Cash for doctors: "On a wall inside Dr. Brian Forrest’s medical office in a suburb of Raleigh, North Carolina, is something you won’t find in most doctors’ offices, a price list: Office visit $49 … Wrist splint $41 … Pap-smear $51. Those are the prices patients pay for the services, and they pay on the spot. Forrest doesn’t take insurance. If he did, the prices would be far higher and not nearly as transparent. He says listing prices up front is about trying to do business in a straightforward way, ‘like a Jiffy Lube.’ Forrest’s practice, Access Healthcare, was born out of his frustration with the bureaucratic system run by major health care providers and insurance companies"

The Clean Water Act vs. clean water: "Under anything resembling principles of justice, people ought to be held responsible for the damage they cause, not for the problems that remain after they try to repair damage caused by somebody else, now long gone. But the basic problem with the Clean Water Act, like all statist environmental regulations, is that it isn’t about standards of justice; it’s about compliance with regulatory standards, and from the standpoint of an environmental regulator the important thing is (1) that government has to be able to single out somebody or some group to pigeonhole as the People In Charge of the site; and (2) whoever gets tagged as ‘taking charge’ of the site, therefore, gets put on the hook for meeting the predetermined standards, or for facing the predetermined penalties, no matter what the facts of the particular case and no matter the fact that they didn’t do anything to cause the existing damage.”

Oh, you mean THOSE quotas: "Officers were instructed to arrest people for ‘blocking the sidewalk,’ for not possessing ID (even while just feet from their homes), even for no reason at all (cops were told to ‘articulate’ a charge at a later time). The cops were told to make arrests even if they knew they’d be voiding the charge at the end of their shifts. As a sergeant implores in one recording, ‘Again, it’s all about the numbers.’ About those numbers: While only about one tenth of 1 percent of the stops yielded a gun (at present it’s nearly impossible to legally carry a gun in New York), the practice has helped drive up the city’s marijuana arrests from 4,000 in 1997 to 40,000 in 2007. Marijuana for personal use was actually decriminalized in New York during that period. But you still can’t display your pot in public. So the police simply stop people, trick them into emptying their pockets, and then arrest them for displaying marijuana in public.”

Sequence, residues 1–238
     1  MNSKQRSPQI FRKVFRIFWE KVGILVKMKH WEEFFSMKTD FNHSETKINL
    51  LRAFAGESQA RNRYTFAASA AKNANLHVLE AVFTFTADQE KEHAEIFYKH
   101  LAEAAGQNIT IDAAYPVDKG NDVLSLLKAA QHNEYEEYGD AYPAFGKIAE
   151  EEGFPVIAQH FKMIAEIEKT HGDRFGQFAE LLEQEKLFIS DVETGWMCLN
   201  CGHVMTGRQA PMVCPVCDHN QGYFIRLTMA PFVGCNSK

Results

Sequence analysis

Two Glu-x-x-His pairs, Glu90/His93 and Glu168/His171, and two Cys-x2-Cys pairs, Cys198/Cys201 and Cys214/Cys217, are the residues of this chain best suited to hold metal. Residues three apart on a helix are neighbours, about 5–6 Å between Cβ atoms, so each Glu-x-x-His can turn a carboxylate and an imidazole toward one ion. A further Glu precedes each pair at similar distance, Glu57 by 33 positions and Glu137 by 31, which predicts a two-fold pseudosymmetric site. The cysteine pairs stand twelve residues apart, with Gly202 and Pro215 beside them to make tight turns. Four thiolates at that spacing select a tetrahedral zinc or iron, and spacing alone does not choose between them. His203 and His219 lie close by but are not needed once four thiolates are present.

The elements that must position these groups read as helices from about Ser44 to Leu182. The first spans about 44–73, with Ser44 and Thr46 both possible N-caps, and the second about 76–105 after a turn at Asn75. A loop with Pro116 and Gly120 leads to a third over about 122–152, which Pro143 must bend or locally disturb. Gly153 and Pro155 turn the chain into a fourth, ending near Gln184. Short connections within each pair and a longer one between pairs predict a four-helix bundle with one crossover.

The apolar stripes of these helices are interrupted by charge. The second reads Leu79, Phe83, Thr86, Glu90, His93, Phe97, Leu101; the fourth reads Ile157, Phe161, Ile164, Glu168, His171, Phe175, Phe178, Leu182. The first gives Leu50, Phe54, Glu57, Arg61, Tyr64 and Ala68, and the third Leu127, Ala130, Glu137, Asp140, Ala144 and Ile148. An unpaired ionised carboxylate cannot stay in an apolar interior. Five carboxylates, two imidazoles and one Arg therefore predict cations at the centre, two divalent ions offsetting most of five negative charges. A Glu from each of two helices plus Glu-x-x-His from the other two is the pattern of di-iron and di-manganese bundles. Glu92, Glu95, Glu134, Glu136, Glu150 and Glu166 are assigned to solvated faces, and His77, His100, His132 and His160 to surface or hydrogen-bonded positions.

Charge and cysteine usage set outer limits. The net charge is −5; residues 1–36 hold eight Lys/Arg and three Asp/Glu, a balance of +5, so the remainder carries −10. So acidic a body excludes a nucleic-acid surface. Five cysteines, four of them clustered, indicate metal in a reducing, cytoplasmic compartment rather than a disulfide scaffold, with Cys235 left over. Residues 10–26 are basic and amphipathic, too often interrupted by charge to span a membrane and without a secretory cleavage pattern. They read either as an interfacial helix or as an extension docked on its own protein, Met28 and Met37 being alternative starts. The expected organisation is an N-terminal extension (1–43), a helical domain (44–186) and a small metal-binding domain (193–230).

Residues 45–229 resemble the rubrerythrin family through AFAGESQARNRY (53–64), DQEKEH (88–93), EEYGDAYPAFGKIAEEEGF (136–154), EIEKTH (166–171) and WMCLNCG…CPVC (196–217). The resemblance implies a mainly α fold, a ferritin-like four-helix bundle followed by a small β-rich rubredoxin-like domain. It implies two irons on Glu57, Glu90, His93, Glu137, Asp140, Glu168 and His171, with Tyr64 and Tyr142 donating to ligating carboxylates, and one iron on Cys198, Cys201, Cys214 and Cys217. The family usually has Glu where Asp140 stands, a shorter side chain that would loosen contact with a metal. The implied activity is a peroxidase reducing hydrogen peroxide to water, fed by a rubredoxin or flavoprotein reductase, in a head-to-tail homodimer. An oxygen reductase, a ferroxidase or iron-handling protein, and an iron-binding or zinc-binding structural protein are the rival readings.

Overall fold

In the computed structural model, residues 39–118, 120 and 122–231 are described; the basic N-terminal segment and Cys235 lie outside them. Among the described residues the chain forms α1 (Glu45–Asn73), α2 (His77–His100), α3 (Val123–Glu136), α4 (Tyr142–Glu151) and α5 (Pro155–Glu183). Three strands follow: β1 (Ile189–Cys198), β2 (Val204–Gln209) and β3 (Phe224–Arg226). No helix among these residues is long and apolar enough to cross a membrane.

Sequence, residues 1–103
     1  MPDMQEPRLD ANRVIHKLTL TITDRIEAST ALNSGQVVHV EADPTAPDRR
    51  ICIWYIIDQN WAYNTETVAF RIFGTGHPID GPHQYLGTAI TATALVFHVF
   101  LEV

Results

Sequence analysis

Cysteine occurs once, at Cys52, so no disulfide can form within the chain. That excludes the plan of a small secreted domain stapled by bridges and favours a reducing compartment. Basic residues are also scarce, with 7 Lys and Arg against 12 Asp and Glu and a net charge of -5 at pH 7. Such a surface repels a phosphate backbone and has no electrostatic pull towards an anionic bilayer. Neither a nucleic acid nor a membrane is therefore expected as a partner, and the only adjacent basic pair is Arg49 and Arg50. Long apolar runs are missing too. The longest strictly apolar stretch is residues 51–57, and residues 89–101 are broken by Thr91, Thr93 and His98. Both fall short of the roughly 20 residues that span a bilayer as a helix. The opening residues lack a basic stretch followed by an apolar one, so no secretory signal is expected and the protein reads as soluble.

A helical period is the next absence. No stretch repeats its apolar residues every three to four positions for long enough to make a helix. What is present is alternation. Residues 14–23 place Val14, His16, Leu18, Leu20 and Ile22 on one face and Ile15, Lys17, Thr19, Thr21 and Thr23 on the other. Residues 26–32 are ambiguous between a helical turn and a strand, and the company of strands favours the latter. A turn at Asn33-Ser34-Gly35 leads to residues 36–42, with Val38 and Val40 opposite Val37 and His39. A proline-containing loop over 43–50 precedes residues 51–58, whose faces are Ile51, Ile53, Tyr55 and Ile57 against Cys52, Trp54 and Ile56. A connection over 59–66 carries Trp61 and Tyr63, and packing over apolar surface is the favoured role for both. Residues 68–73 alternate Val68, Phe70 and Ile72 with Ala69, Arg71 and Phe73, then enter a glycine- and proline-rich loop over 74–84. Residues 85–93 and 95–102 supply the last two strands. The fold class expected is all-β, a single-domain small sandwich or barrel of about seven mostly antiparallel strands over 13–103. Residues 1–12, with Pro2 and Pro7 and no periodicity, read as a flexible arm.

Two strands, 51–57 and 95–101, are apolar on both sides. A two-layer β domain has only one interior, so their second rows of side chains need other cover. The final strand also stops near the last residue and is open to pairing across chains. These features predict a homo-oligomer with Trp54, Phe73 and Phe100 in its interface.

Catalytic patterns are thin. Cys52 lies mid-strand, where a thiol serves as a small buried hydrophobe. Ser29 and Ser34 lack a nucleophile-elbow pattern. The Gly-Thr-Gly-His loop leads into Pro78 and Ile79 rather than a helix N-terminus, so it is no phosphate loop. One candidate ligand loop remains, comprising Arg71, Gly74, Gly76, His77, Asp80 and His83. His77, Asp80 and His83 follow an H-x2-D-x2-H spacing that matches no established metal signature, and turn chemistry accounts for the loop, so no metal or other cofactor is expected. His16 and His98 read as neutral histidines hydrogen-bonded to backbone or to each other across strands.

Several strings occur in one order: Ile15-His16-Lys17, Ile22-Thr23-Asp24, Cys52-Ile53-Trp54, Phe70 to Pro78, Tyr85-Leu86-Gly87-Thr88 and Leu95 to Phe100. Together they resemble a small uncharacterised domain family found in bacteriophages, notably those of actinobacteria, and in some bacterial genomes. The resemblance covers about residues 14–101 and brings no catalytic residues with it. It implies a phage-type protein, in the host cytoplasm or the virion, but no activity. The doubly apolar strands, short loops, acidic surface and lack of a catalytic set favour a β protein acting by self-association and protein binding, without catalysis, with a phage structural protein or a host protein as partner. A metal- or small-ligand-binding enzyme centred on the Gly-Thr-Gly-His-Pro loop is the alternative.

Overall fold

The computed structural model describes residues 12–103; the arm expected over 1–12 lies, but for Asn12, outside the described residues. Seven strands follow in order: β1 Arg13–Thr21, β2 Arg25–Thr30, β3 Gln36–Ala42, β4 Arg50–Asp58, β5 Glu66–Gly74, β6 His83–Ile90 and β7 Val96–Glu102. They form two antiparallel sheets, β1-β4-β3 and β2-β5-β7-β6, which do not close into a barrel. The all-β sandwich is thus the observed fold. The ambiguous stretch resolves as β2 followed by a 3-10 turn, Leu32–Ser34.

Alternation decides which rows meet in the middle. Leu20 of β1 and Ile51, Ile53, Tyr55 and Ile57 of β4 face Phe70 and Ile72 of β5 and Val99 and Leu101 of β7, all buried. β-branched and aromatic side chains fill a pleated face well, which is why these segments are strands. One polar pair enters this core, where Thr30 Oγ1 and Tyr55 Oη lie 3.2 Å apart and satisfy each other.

Homosexuality still a huge health risk: "We need to re-ring the alarm about HIV transmission among gay and bisexual men. In March, the Centers for Disease Control and Prevention released statistics showing significant disparities between rates of HIV and syphilis infection among men who have sex with men and the rest of the US population. Men who have sex with men are 44 times more likely to contract HIV than other men and 40 times more likely to contract HIV than women. They are 46 times more likely to contract syphilis than other men and 71 times more likely than women."

Racing to save Shorebank, spawn of CRA: "ShoreBank has, since the 1970s, been exhibit A in the U.S. version of a new economic project based in the belief that a bank can serve what would be termed a ‘double bottom line’ — operate profitably while self-consciously pursuing a social goal of serving lower-income households in so-called ‘underserved neighborhoods.’ Yet until Goldman, along with Bank of America, Citigroup and JP Morgan Chase, came forward as white knights potentially carrying a $125 million capital infusion, this noble institution was, after years of struggle, about to fail, according to the FDIC. In a world of common sense about how a business actually operates and what’s actually best for the poor, that would put an end to an illusion. Instead, a ShoreBank rescue makes clear just how strong are the forces emanating from government to continue the failed experiment that has come to influence the financial system broadly.”

Yes, there is a Hollywood blacklist — and I’m on it: "Why does any of this matter, almost two decades later? Why is a story of a free-lance TV writer with only one produced script even worth bothering about? It matters to me, because I haven’t sold a script to television or to a movie production company since 1985, and I know it has nothing to do with my not being a good enough writer. It matters still more to me because I’m still trying to get my movie scripts produced and my already-produced movie distributed, and I’m still running into brick walls. It matters to writers and producers who, like me, are out of the business because the people doing the hiring don’t like our politics. It matters to you because you don’t know what you’re missing, and if you don’t like the political spin of the stories you see in network TV and studio movies, testimony like mine gives you the reason.”


List of backup or "mirror" sites here or here -- for readers in China or for everyone when blogspot is "down" or failing to update. Email me here (Hotmail address). My Home Pages are here (Academic) or here (Pictorial) or here (Personal)


The Big Lie of the late 20th century was that Nazism was Rightist. It was in fact typical of the Leftism of its day. It was only to the Right of Stalin's Communism. The very word "Nazi" is a German abbreviation for "National Socialist" (Nationalsozialist) and the full name of Hitler's political party (translated) was "The National Socialist German Workers' Party" (In German: Nationalsozialistische Deutsche Arbeiterpartei)